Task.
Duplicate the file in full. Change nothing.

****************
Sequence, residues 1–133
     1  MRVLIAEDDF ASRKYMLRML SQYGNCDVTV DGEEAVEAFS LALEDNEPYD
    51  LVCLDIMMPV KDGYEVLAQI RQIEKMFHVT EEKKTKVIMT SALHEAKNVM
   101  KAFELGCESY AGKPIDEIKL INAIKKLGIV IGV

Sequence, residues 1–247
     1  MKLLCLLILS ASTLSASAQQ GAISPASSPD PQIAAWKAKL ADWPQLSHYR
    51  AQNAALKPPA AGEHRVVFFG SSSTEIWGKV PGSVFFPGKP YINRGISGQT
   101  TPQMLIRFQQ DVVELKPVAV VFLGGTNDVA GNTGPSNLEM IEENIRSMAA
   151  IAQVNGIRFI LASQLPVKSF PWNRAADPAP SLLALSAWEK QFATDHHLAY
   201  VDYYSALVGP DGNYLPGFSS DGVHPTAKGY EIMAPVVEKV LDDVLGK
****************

Sequence, residues 1–133
     1  MRVLIAEDDF ASRKYMLRML SQYGNCDVTV DGEEAVEAFS LALEDNEPYD
    51  LVCLDIMMPV KDGYEVLAQI RQIEKMFHVT EEKKTKVIMT SALHEAKNVM
   101  KAFELGCESY AGKPIDEIKL INAIKKLGIV IGV

Sequence, residues 1–247
     1  MKLLCLLILS ASTLSASAQQ GAISPASSPD PQIAAWKAKL ADWPQLSHYR
    51  AQNAALKPPA AGEHRVVFFG SSSTEIWGKV PGSVFFPGKP YINRGISGQT
   101  TPQMLIRFQQ DVVELKPVAV VFLGGTNDVA GNTGPSNLEM IEENIRSMAA
   151  IAQVNGIRFI LASQLPVKSF PWNRAADPAP SLLALSAWEK QFATDHHLAY
   201  VDYYSALVGP DGNYLPGFSS DGVHPTAKGY EIMAPVVEKV LDDVLGK